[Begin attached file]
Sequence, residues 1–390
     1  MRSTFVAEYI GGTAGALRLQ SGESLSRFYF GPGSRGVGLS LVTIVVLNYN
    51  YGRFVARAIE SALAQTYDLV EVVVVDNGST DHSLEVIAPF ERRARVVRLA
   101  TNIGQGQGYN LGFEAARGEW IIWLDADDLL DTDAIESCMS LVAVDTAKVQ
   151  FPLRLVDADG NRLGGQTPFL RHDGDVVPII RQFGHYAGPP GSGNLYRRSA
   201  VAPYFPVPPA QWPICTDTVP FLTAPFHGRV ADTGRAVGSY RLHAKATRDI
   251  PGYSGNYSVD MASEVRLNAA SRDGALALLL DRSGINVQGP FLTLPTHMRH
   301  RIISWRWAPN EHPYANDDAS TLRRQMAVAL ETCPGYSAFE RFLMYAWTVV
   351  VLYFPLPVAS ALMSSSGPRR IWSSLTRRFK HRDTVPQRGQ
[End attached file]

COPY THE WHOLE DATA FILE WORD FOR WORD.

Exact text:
Sequence, residues 1–390
     1  MRSTFVAEYI GGTAGALRLQ SGESLSRFYF GPGSRGVGLS LVTIVVLNYN
    51  YGRFVARAIE SALAQTYDLV EVVVVDNGST DHSLEVIAPF ERRARVVRLA
   101  TNIGQGQGYN LGFEAARGEW IIWLDADDLL DTDAIESCMS LVAVDTAKVQ
   151  FPLRLVDADG NRLGGQTPFL RHDGDVVPII RQFGHYAGPP GSGNLYRRSA
   201  VAPYFPVPPA QWPICTDTVP FLTAPFHGRV ADTGRAVGSY RLHAKATRDI
   251  PGYSGNYSVD MASEVRLNAA SRDGALALLL DRSGINVQGP FLTLPTHMRH
   301  RIISWRWAPN EHPYANDDAS TLRRQMAVAL ETCPGYSAFE RFLMYAWTVV
   351  VLYFPLPVAS ALMSSSGPRR IWSSLTRRFK HRDTVPQRGQ